The Heat is On!
While we continue to maintain our COVID-19 precautions—handwashing, masking, and distancing—we can’t forget to take action to prevent the common illnesses and injuries that affect us every year.
In the heat of the summer, we think about the common conditions caused by overheating. They are dehydration, heat exhaustion, heat stroke, and heat syncope or fainting due to high temperatures. These illnesses are dangerous in and of themselves and also cause falls and injuries, especially among older adults.
Here’s a quick review of each:
- Dehydration, a lack of water in your body, can be serious. It causes weakness, headache, muscle cramps, dizziness, confusion, and passing out. Note that dehydration can happen in any weather, but it’s more common in high temperatures.
- Heat exhaustion causes muscle cramps, tiredness, weakness, paleness, cold or clammy skin, dizziness, headache, nausea or vomiting, fast and weak pulse, and fainting. Body temperatures of those with heat exhaustion are typically 98.6 – 104ºF. A combination of heat and dehydration, heat exhaustion, can lead to more serious heat stroke.
- Heat stroke, caused by a rise in body temperature, can be deadly. It is characterized by hot, red, dry skin; a fast pulse; headache; nausea and vomiting; confusion and lethargy; and passing out.
- Heat syncope is fainting caused by hot temperatures. People get dizzy and faint, which can cause falling injuries.
As always, the best way to treat any condition is to avoid getting it in the first place. There are a number of simple steps you can take to prevent heat-related illness this summer.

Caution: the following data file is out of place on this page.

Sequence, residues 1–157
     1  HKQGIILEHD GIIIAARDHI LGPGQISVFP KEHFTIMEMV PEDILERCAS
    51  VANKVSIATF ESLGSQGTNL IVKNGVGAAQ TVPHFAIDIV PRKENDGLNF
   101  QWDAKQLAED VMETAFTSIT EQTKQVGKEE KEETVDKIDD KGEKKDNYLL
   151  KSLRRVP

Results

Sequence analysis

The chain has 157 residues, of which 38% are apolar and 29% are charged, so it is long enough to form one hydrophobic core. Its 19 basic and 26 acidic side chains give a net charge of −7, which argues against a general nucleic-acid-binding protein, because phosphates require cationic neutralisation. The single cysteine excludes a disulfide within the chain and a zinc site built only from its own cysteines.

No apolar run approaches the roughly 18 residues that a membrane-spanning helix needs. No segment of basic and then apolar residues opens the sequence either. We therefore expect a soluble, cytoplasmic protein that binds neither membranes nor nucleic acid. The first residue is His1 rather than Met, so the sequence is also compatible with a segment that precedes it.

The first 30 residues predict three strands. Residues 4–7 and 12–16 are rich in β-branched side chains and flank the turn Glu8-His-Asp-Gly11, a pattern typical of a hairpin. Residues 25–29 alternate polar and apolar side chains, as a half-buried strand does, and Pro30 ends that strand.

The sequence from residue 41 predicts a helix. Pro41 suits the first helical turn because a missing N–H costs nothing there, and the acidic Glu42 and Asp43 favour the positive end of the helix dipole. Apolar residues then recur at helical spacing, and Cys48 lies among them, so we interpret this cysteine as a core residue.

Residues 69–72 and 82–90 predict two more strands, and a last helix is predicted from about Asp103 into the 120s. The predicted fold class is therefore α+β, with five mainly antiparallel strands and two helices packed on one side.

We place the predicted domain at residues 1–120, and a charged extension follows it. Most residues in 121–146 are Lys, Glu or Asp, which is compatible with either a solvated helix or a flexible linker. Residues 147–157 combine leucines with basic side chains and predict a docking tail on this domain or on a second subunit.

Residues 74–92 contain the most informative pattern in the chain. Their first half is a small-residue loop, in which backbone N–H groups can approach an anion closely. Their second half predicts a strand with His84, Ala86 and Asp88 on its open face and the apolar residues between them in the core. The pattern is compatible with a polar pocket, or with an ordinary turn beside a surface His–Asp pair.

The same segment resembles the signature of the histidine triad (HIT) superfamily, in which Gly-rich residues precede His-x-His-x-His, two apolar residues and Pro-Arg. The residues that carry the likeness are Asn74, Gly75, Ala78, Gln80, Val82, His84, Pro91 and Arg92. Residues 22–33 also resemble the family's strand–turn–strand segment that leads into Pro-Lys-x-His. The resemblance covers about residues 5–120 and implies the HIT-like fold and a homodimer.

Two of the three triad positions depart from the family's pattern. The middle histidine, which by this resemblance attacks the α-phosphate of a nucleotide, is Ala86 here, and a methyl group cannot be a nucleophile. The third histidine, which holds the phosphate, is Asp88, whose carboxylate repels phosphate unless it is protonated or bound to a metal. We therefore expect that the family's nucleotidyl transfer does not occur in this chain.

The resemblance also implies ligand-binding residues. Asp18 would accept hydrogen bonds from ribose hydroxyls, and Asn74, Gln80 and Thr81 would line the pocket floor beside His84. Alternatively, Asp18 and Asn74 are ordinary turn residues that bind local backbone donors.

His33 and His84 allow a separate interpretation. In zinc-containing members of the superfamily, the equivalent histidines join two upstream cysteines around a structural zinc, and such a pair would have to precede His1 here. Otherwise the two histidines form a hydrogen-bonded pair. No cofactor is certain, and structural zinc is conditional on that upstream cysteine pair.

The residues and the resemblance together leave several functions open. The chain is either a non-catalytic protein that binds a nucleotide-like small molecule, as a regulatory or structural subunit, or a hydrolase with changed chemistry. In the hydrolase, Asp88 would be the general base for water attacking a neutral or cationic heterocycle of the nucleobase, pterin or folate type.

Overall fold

- Take care of the inside. Be sure to drink plenty of caffeine- and alcohol-free beverages. Water is best, but Gatorade or other sports drinks may also be appropriate to replenish electrolytes, a crucial component in maintaining a steady heart rhythm. Older people, in particular, may lose their sense of thirst. Keep a drink nearby and sip often!
- Take care of the outside. Start with sunscreen, which in addition to providing a reflective effect also helps prevent skin cancer. Wear breezy natural fabrics, like cotton and linen, in light colors. Top it off with a brimmed hat and sunglasses.
- Take care when outside. Even with all of the right gear and preparation, it makes sense to avoid sun during peak hours, 10 a.m. – 4 p.m., and enjoy the shade instead. Especially in the early morning and in the evening, don’t forget the bug spray, too. Tick- and mosquito-borne illnesses are not to be overlooked.
- Take action early. If you notice that you are feeling any of the symptoms above, have a drink and cool down with a tepid shower or a wet wash cloth. Lay down. If you don’t feel better within a few minutes, don’t hesitate to call 911. Any one of the conditions above can be serious when overlooked or allowed to persist.
When taken together with the precautions for preventing COVID-19—frequent handwashing, keeping 6 feet from others, and wearing a mask in public—these tips for avoiding heat-related illness will help make this summer a cool one!
Lisa Downing-Forget, MD, is an internal medicine physician treating those 60 and older at SVMC Internal Medicine in Bennington.